Treatments may include; prescription diet, phosphorous binders, antacids & anti nausea medication & erythropoeitine.

Feline Immunodeficiency Virus (FIV):

Known as FIV or cat AIDS, FIV is an infectious disease caused by a retrovirus belonging to the lentivirus family. It is in the same family as the FeLV virus, and is similar to the HIV virus in humans. FIV infects both domesticated cats, lions, tigers, pumas & cheetahs.

Symptoms of FIV include; weight loss, poor coat condition, anemia, gastroenteritis, gingivitis & stomatitis, diarrhea, chronic or recurrent infections, cancer.

There is no cure for FIV, once a black cat names has it, it's for life. The goal is to provide supportive care to the infected cat. This may include; regular vet check ups, proper parasite control, feeding a high quality diet, limiting exposure to disease, anti-bacterial & or anti-fungal drugs, maintaining a proper vaccination regime, blood transfusions where necessary, high calorie supplements.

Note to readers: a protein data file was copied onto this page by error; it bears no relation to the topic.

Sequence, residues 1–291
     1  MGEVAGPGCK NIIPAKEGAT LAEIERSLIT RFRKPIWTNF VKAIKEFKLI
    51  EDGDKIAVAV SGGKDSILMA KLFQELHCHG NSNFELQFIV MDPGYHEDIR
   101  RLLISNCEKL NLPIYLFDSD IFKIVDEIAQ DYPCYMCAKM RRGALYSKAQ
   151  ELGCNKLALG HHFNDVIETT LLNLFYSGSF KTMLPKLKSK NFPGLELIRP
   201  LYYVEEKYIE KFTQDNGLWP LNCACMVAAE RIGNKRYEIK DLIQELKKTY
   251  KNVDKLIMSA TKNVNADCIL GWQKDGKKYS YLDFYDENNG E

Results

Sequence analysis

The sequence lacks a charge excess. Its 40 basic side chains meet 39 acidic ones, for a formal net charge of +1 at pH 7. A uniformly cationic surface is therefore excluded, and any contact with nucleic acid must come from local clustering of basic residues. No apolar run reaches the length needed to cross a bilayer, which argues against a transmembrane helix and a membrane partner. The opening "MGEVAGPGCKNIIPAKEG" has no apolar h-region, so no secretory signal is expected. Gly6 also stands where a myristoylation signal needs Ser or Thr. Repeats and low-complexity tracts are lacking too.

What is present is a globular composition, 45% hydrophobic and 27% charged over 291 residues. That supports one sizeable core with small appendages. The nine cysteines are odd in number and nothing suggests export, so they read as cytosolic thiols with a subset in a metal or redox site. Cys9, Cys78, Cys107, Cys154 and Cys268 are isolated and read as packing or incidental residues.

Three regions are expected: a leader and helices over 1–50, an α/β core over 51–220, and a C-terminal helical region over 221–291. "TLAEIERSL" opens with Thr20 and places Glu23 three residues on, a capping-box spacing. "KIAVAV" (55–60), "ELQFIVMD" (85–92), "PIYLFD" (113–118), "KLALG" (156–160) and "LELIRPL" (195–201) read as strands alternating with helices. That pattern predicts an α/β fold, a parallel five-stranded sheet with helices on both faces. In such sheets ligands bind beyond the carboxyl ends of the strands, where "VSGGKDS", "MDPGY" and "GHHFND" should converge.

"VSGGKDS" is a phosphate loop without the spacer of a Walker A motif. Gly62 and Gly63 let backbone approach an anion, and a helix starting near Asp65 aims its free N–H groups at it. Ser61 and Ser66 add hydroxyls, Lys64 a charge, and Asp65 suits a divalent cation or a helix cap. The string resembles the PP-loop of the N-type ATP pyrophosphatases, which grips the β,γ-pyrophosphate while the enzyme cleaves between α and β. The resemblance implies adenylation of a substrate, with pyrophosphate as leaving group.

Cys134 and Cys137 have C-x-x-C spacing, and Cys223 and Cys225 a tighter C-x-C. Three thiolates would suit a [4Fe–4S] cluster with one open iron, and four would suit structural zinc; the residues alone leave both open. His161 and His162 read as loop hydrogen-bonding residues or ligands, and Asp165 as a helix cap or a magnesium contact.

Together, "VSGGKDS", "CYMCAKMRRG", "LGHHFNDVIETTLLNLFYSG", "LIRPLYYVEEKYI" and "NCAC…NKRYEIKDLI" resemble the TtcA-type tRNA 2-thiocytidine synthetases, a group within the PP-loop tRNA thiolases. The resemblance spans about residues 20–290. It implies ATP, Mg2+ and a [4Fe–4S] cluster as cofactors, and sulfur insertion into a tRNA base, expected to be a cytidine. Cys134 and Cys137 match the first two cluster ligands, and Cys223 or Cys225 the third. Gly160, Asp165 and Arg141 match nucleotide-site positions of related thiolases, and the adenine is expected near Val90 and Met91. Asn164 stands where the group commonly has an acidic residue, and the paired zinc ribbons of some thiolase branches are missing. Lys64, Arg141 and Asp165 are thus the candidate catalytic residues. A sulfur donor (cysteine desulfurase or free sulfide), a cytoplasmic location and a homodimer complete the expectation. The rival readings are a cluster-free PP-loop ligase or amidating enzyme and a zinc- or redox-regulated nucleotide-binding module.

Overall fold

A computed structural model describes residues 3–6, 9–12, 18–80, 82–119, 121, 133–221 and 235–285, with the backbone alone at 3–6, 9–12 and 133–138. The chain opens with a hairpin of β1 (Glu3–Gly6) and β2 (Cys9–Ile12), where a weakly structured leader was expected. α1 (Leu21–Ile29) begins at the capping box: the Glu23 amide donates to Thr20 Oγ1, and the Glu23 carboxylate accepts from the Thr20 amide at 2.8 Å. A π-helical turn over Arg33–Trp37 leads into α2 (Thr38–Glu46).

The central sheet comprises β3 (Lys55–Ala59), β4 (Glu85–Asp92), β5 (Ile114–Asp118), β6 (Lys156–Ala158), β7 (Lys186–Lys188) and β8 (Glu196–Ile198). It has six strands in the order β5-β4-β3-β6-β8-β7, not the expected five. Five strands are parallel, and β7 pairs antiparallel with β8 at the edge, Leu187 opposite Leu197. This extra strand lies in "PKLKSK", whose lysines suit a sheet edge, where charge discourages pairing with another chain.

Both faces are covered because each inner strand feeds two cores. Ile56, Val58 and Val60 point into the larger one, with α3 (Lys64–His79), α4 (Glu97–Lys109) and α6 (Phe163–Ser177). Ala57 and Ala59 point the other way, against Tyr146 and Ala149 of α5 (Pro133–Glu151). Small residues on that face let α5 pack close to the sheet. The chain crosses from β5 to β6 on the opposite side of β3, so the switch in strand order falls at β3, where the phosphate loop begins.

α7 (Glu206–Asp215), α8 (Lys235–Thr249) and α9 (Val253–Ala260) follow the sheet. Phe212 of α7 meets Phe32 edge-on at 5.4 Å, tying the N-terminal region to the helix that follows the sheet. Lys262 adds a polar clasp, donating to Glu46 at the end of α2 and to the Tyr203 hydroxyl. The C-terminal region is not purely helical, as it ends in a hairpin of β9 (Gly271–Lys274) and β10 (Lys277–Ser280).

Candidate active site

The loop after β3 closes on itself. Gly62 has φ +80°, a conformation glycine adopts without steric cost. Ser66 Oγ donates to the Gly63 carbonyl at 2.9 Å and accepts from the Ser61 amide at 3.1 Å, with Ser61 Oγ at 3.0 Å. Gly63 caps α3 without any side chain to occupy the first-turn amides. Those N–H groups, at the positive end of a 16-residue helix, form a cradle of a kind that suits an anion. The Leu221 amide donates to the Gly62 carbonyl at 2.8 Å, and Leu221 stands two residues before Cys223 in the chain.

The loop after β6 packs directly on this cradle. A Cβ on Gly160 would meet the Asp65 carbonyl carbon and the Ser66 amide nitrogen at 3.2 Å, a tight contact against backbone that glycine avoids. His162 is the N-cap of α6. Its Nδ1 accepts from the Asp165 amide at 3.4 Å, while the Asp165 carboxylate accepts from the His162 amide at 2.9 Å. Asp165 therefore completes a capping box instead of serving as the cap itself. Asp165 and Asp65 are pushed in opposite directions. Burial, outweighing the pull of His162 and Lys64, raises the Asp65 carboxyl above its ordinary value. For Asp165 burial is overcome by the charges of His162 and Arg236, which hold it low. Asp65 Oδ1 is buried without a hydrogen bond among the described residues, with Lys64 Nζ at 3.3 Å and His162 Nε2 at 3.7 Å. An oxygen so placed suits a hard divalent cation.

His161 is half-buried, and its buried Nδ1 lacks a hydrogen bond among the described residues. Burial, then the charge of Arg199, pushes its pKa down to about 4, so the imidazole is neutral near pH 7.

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Unread 05-22-2008   #2 (permalink)
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im learning so much from this forum, thank you
 
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Unread 07-22-2008   #3 (permalink)
coco1_1_1
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Default About Hyperthyroidism

We have a wonderful lovable cat. Her name is Bianca but of course we call her in many ways. This is
because we think that the words are never enough to express our love for her.
Bianca is 15 years old white Turkish Angora and until midd june/2008 she was doing well.
One morning the problem sneak in unexpectedly. She become restless and went many times in her box littler
without any result. We started to monitor her, because we felt that something is wrong with her. Every